Recent Harvard alum, Terry White, says the North Moore Short is "not your dad's jock strap." White promises his shorts will hold everything a guy on the go would need.
Watch White pitch his shorts to Alicia Syrett, board member of the New York Angels, Patrick Chung, founding partner of seed stage venture firm, Xfund, and David Wu, general partner at VC firm, Maveron.
Will the panel think the shorts are a good fit? Watch the video to find out!
Behind the seams
White, who was a college athlete, spent a little over a year working in real estate development, but quickly shifted gears.
He founded e-commerce start-up Wolaco, which stands for Way of Life Athletic Co. Wolaco's first product is the North Moore Short, named after a street in New York's Tribeca neighborhood where White first lived.
The North Moore Short fits under an athlete's workout clothes. It consists of two water-resistant compression pockets, one large enough for a phone and another one for keys, cash and credit cards.
"You are now free to run, jump, pull up, push up, sprint and pick up some beers on the way home ... only if you've earned it," says the start-up's website.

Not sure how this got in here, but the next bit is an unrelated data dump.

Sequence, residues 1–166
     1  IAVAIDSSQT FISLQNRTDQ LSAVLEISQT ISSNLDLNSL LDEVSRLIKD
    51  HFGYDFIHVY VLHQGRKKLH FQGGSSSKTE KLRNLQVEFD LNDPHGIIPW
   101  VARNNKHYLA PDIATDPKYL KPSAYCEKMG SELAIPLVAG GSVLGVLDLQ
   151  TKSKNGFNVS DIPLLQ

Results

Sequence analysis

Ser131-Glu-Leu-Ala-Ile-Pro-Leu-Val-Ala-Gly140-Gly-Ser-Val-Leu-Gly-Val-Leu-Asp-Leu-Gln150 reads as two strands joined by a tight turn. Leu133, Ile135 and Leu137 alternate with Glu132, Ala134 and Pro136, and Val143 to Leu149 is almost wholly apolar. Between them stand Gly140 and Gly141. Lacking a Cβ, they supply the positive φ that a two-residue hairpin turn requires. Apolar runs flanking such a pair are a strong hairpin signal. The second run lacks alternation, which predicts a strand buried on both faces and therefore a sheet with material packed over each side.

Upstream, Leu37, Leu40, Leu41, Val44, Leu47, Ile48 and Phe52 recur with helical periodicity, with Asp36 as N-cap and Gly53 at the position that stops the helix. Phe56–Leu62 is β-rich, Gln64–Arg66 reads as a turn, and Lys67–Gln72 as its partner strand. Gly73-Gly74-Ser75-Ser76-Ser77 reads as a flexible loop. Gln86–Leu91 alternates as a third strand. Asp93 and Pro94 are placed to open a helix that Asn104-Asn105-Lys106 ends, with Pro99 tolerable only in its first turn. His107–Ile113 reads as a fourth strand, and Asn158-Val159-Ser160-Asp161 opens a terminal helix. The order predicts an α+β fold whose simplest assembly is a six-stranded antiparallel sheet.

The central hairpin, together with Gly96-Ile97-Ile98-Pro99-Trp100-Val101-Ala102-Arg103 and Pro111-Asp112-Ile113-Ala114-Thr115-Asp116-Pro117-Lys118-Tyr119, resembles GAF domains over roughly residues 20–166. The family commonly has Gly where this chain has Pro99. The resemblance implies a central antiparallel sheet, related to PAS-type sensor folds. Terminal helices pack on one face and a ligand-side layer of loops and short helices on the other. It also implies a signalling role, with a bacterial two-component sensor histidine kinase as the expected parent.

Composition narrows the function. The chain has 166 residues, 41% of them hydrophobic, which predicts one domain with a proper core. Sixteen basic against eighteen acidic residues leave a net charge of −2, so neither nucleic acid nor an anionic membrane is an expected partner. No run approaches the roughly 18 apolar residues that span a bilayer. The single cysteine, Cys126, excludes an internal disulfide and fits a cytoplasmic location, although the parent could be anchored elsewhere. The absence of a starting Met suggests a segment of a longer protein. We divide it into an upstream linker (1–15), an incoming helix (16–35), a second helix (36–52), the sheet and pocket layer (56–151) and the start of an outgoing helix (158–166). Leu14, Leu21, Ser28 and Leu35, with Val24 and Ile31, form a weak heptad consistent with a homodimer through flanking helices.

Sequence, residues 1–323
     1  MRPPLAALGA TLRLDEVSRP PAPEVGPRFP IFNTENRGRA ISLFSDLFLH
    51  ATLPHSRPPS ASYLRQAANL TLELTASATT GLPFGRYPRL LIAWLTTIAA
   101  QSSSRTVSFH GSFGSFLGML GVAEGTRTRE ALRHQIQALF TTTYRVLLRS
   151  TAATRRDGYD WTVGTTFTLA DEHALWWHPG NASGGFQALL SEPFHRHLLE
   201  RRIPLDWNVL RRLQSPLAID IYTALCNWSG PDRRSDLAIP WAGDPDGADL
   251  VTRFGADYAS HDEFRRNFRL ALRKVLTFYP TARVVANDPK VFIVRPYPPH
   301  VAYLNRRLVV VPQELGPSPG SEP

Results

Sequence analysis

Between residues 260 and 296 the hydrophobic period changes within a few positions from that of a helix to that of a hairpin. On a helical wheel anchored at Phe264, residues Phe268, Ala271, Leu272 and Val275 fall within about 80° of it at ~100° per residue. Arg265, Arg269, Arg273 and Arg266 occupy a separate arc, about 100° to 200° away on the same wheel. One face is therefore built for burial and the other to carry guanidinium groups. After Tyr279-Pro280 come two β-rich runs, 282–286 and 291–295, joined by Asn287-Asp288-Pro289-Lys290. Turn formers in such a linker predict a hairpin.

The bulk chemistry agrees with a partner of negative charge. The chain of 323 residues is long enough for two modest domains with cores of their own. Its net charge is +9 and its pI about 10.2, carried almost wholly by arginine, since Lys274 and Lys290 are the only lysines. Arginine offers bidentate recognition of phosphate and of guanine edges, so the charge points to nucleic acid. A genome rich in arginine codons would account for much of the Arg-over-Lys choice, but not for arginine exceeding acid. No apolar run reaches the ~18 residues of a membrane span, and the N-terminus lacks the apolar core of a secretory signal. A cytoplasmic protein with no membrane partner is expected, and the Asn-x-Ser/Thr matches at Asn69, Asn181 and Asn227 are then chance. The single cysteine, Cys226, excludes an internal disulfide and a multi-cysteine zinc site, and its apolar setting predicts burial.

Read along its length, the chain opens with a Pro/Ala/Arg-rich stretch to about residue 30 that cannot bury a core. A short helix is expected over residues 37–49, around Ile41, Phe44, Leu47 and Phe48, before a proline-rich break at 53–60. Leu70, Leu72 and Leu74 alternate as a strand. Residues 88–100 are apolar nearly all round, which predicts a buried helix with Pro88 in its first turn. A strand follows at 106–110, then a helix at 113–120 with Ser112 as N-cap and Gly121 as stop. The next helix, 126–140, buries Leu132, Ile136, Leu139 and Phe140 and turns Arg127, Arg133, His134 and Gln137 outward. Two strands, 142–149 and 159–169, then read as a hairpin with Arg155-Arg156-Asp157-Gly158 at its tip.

One entrepreneur is offering fans a ticket to those coveted luxury suites.
Todd Lindenbaum, founder and CEO of SuiteHop, says, "Billions of dollars are left on the table every year as suites are left half full, or even worse, completely empty for thousands of events." To fill them, Lindenbaum has created the first online platform where individuals and businesses alike can book suites in sports and entertainment venues.
Watch Lindenbaum pitch his start-up in just 60 seconds to a board member of New York Angels, Alicia Syrett, president of Corum Group, Nat Burgess, and a partner at Collaborative Fund, Kanyi Maqubela. Will the founder hit a home run or strike out? Click the video to find out.
Before SuiteHop, Lindenbaum founded Sports Shares, a membership program with access to suites in Atlanta, Dallas-Fort Worth, Texas, and Denver. But members started to request suites in new cities.
"Excessive middleman arbitrage, lack of wide availability and a complex sales process all contributed to the challenges in the luxury suite market," said Lindenbaum.